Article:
The Fresh Loaf

News & Information for Amateur Bakers and Artisan Bread Enthusiasts

Tiramisu

tmarz's picture
tmarz

Tiramisu

I was wondering, I am planning on making Tiramisu this weekend for a date. I noticed a few recipes add whipped egg whites to the marscarpone/egg yolk mixture, while others don't (just marcarpone/egg yolk and sugar). What do you think the difference might be?


Many of the recipes call for a pound of marscarpone, some sugar, about 6 egg yolks... If I did that, do you think I should add like 2 or 3 whipped egg whites?


Thanks


 

coffeemachine's picture
coffeemachine

here's how i make mine:


 


first make a zabaglione (http://www.foodnetwork.com/recipes/mario-batali/zabaglione-recipe/index.html) or similar recipe, then fold in whipped mascarpone. this gives you a smooth and light mixture (you have to be constantly paying attention and whisking the zabaglione though or you might end up with scrambled eggs) and you don't end up eating raw eggs.


 


i find that the wolfgang puck recipe (http://www.foodnetwork.com/recipes/wolfgang-puck/tiramisu-recipe/index.html) makes a decent tiramisu. i use store bought lady fingers though, as i'm lazy and i can get the "forno bonomi" ones imported from italy.


 


my italian friends have given me the thumbs up when i make tiramisu like that.


 


i've heard that you could make zabaglione with whole eggs. i personally have never tried that, but i would guess you get more like a mousse texture from the whipped egg whites. to me, tiramisu shouldn't taste like mousse. but to each his own.


 


i've also tried recipes that don't make a zabaglione first, and just use raw eggs. i would stay away from those. it's not that i'm really that concerned with salmonella, but the taste and texture is really subpar.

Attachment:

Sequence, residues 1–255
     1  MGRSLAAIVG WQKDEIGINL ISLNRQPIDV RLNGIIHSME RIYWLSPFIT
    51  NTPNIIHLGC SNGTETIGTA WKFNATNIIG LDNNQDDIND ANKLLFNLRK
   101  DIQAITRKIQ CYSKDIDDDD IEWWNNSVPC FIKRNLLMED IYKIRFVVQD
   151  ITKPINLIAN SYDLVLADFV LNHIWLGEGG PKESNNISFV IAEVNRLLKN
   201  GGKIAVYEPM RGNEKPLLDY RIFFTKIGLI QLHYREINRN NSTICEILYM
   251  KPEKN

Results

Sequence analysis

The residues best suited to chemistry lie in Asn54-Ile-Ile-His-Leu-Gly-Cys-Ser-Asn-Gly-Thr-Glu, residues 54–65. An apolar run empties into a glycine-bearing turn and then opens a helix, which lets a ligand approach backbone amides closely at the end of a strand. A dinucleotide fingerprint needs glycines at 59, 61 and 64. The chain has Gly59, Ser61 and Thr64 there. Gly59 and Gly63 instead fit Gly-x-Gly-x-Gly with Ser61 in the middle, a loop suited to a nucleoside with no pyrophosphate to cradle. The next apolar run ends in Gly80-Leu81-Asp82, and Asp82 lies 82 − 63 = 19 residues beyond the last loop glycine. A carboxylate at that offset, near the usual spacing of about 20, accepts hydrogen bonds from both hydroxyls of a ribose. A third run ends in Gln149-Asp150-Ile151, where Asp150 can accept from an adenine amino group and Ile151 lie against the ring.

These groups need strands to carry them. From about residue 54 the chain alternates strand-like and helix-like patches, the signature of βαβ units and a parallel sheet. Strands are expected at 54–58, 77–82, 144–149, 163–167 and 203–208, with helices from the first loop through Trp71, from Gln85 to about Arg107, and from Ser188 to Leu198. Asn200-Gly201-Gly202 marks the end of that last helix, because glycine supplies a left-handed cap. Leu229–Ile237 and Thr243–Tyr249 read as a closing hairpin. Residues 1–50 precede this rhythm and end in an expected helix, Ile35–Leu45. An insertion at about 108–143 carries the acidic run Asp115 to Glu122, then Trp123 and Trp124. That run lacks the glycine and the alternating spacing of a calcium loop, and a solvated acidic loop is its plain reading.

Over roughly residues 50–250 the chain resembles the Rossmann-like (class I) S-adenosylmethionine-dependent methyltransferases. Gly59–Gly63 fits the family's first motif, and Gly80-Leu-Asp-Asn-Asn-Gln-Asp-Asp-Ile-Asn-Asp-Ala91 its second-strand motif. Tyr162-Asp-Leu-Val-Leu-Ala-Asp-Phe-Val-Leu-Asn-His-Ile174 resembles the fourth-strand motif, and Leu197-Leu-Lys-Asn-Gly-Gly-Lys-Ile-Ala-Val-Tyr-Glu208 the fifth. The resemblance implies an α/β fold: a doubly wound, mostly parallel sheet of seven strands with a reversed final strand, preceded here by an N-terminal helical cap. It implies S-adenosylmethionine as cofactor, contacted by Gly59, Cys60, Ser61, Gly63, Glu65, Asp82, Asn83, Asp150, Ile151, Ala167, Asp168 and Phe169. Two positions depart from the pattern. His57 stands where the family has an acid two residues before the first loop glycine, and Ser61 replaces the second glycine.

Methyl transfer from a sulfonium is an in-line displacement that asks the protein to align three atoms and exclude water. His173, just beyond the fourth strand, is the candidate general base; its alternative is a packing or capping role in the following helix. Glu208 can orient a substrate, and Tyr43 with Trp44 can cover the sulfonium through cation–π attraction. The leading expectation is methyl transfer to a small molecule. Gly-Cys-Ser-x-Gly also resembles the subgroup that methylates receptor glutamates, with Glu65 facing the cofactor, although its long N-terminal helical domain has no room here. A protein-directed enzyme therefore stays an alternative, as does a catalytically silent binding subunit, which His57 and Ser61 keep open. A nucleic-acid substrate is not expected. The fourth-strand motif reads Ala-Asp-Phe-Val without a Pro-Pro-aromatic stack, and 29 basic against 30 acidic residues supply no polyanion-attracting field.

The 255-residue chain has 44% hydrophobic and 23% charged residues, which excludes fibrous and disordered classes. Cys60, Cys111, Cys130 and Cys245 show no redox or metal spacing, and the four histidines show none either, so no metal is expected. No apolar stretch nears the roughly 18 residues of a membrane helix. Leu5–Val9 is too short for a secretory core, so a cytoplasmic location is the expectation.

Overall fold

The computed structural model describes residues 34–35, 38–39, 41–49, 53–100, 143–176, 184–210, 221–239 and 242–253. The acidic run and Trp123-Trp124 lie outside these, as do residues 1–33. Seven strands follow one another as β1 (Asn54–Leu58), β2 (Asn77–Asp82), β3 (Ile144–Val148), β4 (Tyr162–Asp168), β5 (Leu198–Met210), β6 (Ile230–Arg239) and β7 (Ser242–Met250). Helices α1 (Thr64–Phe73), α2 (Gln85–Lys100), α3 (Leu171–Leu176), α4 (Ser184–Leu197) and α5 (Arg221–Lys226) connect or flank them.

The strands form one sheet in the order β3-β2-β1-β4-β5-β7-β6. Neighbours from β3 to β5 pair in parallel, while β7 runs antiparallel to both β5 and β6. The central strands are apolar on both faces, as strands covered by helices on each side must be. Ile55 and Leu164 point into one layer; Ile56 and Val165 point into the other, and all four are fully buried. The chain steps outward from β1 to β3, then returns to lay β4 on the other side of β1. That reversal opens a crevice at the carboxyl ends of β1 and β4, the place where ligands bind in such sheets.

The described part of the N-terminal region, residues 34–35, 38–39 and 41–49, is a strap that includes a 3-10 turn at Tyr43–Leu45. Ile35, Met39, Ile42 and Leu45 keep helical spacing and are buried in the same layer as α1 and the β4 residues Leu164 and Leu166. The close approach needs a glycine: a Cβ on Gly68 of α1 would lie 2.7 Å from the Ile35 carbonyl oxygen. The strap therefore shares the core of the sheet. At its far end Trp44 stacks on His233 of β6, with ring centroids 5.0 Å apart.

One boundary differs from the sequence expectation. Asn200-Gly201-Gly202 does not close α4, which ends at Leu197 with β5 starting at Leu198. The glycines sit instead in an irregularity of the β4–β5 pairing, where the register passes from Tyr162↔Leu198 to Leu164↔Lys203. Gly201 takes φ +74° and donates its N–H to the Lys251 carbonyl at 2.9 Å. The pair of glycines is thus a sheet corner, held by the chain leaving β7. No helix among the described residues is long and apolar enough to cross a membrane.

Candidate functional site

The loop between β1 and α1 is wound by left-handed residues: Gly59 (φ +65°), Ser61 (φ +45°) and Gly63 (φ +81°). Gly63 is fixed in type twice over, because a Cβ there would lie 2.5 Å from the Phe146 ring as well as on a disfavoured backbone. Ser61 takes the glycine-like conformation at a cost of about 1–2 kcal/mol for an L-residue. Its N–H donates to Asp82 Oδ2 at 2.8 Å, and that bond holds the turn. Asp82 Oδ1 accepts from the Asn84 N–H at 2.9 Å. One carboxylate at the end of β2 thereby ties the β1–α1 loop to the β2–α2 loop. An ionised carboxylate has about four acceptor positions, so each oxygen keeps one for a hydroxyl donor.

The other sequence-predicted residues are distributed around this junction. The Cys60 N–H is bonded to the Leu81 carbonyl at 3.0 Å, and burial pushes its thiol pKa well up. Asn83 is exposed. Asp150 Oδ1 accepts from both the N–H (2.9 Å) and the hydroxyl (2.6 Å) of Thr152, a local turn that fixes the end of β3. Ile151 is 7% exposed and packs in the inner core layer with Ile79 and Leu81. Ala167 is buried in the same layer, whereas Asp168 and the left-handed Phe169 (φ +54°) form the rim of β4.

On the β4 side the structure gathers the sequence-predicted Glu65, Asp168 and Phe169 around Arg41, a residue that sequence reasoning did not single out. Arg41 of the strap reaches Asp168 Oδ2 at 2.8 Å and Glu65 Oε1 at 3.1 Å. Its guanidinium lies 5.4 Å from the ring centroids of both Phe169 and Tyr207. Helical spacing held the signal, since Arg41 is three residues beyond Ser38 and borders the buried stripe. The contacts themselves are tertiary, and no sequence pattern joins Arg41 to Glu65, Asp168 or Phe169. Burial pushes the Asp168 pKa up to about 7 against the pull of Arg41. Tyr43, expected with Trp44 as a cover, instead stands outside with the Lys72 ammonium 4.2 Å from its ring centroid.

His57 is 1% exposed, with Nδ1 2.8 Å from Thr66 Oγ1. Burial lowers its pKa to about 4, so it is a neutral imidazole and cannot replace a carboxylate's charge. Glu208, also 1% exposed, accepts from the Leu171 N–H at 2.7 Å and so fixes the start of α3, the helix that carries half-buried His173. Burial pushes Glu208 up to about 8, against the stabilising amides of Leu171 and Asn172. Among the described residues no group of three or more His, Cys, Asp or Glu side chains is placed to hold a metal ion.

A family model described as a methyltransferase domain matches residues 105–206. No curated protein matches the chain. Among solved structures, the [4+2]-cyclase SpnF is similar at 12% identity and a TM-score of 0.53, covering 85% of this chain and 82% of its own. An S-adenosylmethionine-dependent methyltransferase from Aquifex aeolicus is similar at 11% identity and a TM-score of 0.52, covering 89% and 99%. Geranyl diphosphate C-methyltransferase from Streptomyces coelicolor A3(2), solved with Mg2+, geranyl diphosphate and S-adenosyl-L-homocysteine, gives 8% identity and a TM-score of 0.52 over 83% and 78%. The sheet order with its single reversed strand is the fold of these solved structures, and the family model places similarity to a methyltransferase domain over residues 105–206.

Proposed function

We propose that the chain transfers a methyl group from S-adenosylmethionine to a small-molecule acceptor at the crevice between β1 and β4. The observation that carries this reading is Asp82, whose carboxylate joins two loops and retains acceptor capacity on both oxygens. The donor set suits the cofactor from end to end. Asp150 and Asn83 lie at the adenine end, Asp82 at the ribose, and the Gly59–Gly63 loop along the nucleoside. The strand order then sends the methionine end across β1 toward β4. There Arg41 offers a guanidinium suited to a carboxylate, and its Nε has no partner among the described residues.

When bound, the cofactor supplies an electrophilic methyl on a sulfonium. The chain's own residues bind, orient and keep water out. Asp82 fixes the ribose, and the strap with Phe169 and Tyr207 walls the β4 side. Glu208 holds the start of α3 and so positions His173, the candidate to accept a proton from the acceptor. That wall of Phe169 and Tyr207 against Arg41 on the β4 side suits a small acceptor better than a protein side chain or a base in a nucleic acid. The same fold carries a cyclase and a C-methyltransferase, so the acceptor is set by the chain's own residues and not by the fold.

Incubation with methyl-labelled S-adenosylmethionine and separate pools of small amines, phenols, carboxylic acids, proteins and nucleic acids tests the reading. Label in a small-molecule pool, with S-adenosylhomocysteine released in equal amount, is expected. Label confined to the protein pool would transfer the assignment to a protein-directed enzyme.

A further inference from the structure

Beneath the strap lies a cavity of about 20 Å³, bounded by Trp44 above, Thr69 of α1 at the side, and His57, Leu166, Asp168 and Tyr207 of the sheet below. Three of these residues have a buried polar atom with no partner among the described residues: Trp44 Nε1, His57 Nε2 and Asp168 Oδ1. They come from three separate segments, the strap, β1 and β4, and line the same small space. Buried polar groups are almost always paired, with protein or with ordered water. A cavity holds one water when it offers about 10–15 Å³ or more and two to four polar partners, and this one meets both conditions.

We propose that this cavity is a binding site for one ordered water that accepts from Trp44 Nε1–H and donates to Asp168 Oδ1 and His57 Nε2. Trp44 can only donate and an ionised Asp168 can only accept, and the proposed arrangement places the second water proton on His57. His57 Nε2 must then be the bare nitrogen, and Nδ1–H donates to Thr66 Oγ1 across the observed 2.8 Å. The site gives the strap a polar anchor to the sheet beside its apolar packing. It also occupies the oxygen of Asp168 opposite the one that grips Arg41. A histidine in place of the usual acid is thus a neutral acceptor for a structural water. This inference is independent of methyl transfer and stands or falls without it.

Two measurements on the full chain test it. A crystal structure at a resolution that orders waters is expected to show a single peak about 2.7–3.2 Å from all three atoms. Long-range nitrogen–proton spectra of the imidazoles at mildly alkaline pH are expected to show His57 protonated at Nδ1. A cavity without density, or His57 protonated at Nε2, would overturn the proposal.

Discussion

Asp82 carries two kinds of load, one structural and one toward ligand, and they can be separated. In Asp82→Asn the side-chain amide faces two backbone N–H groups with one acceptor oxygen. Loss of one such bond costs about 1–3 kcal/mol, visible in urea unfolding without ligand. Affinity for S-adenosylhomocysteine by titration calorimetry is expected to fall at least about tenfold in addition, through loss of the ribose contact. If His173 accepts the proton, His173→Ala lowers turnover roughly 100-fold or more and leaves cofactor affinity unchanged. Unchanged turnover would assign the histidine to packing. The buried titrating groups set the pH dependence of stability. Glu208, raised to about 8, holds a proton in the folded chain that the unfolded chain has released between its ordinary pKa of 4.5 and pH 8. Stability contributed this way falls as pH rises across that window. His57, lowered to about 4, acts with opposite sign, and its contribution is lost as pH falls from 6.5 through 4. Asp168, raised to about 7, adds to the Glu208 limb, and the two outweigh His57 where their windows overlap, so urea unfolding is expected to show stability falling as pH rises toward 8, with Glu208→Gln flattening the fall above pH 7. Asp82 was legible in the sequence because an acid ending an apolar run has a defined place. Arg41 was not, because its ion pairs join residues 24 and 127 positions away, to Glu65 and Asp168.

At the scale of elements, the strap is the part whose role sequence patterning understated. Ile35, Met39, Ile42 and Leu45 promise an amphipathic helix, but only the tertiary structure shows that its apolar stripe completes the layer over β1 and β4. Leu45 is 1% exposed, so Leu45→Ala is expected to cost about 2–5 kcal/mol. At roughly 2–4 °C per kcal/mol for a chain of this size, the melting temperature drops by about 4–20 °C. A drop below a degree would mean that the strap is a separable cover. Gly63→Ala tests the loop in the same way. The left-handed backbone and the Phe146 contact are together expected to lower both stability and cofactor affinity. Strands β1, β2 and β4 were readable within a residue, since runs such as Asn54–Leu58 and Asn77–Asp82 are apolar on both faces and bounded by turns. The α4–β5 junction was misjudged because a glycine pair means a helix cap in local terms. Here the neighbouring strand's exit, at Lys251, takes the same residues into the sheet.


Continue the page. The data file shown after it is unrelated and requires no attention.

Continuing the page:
jenniferw's picture
jenniferw

The recipe I use sounds very similar to yours, using 3/4 c. sugar, and without the whites. But I always find that I prefer lightening the mascarpone mixture up a little bit and end up folding in some sweetened whipped cream. I suppose adding whipped whites would have a similar diluting/ lightening affect. The times I havent supplemented the zabaglione I think it sinks in too much and there isnt enough of a filling to ladyfinger ratio. Hope you find a method you like!

kallisto's picture
kallisto (not verified)

I always do my Tiramisu with seperated eggs. First, I can save time if I whip the egg whites seperately.  Secondly, I find that the result is creamier.

 

If you are very skilled, you can also try a Pate a bombe mixture, where you pour hot syrup over the egg yolks.

 

1. Whip egg yolks until you can form a ribbon

2.make a syrup with glucose, cook it to 248 degrees fahrenheit, pour it over the frothy egg yolks, while continously whipping them

3. continue whipping with your stand mixer until they have reached room temperature

4.in another bowl soften the mascarpone with a wire whisk and fold in the Pate a Bombe mixture

5. whip the cream till soft peaks and then fold it into the mascarpone mixture.

Ingredients:

  • egg yolks: 2
  • sugar      : 6 ounces / 180 gramms
  • water     :  4 ounces / 120 gramms
  • glucose/light corn syrup: 2 ounces / 60 gramms
  • mascarpone: 1 lb / 500 gramms
  • heavy cream: 1lb 8 ounces / 740 gramms

 ( source: "Professional baking" by Wayne Glissen)